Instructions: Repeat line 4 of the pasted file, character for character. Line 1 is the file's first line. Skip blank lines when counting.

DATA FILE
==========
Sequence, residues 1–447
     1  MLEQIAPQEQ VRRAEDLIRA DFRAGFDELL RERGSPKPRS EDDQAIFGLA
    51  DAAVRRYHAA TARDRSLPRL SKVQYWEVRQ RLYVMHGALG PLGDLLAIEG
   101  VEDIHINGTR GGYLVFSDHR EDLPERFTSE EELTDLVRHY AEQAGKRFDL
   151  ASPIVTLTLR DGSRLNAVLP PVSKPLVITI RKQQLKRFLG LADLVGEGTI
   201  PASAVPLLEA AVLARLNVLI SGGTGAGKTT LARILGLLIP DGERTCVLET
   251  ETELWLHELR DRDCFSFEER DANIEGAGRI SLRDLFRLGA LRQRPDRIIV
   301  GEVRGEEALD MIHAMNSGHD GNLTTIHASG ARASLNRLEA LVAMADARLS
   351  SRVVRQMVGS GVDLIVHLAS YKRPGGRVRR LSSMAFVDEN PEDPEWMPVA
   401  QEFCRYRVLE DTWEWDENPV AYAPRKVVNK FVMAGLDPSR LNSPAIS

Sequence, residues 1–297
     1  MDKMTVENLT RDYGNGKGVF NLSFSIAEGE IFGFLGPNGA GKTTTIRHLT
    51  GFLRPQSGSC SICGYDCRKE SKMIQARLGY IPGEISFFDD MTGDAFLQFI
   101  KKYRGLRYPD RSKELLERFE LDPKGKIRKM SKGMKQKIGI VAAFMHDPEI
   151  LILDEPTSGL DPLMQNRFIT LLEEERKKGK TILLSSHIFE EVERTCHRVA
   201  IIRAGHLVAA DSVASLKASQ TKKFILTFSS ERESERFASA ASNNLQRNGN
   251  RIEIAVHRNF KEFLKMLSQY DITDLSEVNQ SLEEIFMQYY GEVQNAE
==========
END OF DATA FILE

   101  VEDIHINGTR GGYLVFSDHR EDLPERFTSE EELTDLVRHY AEQAGKRFDL